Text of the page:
Mr Thomas Steele: I regret that these statistics are not available in the form asked for in the first part of the Question. I am, however, circulating in the OFFICIAL REPORT a table giving figures of the numbers of persons at these exchanges receiving standard and extended benefit, and unemployment assistance, respectively, on 20th October, 1947. As regards the second part of the Question, the persons in...
Mr Thomas Steele: So far as that point is concerned, I think it ought to be made perfectly clear that when the Minister of National Insurance was responsible for raising the amount of pension to 26s. a week, he said that no person should be a penny worse off even if they had only 6d. extra, and that is why some persons are being paid the 6d.
Mr Thomas Steele: I am waiting for the right hon. and gallant Gentleman to talk about the Bill.
Mr Thomas Steele: This short guide is not yet in final form for printing, and I cannot at present say precisely how much paper it will require or what it will cost. I estimate that at least 14 million copies will be needed, since the Guide will be one of the principal means of informing some 25 to 30 million persons of their rights and obligations under the new insurance scheme.
Mr Thomas Steele: I could not say offhand. However, my hon. Friend knows the nationality of the Minister of National Insurance, and I am sure that so far as Wales is concerned we ought not to have any complaints.
Mr Thomas Steele: In common with redundant Public Assistance employees of other local authorities, those of Birmingham will be given the opportunity of applying for Civil Service appointments in the Assist ance Board and the Ministry of National Insurance. Arrangements to this end are now being worked out in consultation with the various bodies concerned.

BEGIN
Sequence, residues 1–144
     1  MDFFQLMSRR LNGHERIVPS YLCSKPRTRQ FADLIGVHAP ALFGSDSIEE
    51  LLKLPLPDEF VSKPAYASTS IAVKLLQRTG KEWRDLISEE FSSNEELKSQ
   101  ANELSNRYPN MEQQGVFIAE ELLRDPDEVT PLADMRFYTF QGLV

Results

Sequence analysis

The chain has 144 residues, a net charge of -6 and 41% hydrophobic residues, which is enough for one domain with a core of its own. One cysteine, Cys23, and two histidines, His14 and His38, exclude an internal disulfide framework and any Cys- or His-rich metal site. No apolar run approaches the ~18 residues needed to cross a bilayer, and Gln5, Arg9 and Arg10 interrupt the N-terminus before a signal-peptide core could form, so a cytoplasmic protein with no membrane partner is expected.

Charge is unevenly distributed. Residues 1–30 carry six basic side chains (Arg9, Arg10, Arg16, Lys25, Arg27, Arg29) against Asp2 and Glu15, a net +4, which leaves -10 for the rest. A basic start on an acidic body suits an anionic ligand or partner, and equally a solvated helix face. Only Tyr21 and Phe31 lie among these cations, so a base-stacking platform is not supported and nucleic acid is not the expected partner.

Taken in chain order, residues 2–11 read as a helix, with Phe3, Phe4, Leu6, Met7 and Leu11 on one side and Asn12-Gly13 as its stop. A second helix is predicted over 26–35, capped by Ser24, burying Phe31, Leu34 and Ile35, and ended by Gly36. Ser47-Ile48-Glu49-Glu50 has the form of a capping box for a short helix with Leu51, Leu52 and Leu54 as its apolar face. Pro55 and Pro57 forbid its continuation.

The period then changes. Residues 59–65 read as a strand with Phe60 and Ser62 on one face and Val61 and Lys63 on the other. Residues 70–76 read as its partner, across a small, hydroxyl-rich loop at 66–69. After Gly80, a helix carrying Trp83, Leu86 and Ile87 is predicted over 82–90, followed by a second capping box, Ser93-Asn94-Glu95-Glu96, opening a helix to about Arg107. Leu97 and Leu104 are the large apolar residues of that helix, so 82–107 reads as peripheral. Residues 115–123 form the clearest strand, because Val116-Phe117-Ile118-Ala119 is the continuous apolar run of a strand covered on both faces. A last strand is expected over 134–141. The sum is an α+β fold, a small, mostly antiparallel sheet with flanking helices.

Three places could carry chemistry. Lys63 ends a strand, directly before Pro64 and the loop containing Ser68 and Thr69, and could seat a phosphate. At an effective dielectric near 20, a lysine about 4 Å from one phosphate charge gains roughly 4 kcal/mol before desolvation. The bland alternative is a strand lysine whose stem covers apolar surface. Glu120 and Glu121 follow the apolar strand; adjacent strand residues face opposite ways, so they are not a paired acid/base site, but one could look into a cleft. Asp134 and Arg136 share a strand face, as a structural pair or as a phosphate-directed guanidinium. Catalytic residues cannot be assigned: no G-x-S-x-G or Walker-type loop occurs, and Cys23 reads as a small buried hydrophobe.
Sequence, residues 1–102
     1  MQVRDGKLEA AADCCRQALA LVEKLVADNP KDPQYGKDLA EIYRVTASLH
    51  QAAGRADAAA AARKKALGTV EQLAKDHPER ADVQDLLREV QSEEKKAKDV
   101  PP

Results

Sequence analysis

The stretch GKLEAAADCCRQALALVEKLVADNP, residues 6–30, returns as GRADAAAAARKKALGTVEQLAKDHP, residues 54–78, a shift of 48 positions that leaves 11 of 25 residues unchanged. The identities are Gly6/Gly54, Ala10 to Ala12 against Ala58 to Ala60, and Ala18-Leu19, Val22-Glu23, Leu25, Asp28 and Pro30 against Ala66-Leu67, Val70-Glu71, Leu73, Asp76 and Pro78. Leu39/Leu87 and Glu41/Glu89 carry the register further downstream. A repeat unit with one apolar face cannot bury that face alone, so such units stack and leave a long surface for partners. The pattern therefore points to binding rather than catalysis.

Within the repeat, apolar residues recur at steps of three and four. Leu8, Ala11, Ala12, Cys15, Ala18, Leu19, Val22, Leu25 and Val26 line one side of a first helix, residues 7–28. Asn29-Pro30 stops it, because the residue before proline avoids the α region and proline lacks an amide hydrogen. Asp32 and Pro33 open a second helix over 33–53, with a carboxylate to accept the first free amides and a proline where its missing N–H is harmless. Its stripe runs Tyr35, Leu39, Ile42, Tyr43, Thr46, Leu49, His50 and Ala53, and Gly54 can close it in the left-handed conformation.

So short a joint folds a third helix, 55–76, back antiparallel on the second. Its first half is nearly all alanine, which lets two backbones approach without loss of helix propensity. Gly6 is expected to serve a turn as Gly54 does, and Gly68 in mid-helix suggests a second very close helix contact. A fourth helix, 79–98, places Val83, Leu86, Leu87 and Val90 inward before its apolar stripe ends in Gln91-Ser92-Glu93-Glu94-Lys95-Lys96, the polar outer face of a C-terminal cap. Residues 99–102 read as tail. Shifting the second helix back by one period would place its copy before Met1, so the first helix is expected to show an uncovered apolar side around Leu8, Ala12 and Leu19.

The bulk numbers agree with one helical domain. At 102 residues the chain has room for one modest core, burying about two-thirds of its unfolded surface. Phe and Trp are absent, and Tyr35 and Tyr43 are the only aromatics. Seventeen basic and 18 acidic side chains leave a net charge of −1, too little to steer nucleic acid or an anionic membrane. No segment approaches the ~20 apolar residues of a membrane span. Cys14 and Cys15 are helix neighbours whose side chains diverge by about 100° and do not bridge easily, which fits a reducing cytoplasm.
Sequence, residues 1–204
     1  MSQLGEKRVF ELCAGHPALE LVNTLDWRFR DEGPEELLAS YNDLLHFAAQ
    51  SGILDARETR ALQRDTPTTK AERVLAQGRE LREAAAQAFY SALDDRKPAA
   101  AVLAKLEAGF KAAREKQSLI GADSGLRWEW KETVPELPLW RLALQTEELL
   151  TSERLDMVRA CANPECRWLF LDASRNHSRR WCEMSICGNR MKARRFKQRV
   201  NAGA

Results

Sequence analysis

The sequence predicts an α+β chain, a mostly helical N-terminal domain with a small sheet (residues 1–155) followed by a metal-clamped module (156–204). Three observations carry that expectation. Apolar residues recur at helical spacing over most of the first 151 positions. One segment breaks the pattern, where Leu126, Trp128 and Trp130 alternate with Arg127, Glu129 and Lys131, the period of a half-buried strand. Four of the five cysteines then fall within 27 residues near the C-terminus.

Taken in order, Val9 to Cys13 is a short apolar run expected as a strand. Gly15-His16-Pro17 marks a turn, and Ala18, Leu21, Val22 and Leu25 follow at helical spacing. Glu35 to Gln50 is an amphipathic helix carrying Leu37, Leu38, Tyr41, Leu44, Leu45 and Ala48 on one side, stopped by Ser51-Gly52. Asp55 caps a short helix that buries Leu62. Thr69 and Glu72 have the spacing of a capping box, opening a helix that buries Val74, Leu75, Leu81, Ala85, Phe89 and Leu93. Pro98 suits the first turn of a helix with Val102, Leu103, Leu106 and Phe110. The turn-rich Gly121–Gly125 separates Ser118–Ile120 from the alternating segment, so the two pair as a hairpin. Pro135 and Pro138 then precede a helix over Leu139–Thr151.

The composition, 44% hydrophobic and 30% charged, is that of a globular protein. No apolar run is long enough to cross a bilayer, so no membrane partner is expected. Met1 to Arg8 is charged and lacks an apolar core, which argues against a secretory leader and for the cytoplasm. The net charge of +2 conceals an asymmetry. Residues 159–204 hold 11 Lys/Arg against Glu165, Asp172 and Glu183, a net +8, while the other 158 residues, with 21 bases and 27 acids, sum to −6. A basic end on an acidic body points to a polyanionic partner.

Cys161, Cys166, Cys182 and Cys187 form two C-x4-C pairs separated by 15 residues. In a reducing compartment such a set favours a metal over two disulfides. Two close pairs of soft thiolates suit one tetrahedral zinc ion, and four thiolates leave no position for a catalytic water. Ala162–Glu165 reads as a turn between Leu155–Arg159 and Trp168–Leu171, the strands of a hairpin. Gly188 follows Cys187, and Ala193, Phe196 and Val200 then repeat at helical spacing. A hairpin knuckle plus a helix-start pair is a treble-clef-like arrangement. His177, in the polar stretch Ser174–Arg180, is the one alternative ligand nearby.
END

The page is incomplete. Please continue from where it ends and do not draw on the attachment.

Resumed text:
Mr Thomas Steele: Negotiations are now proceeding with the local authorities, and by this Question and answer I hope to impress upon them that the matter is now fully under consideration. They will be informed as quickly as possible.
Mr Thomas Steele: We estimate that there are 7,500 people employed by local authorities on public assistance. We feel that between 2,000 and 2,500 will remain with the local authorities; we hope that 1,500 will come to the new National Assistance Board; and the remainder will be offered positions with the Ministry of National Insurance.
Mr Thomas Steele: As far as those people are concerned, we carry no obligation, but it is understood that many people will be required, and if they register at their local employment exchanges they will be given an opportunity.
Mr Thomas Steele: Unemployment rates will be raised next summer, when the National Insurance Act is brought into operation.
Mr Thomas Steele: The whole matter of subsistence and assistance was fully dealt with during the Second Reading Debate on the National Insurance Act. It was found then that it was undesirable to have any automatic adjustments so far as statutory benefit was concerned. I do not think it is generally appreciated that people on standard benefit can make application for unemployment assistance.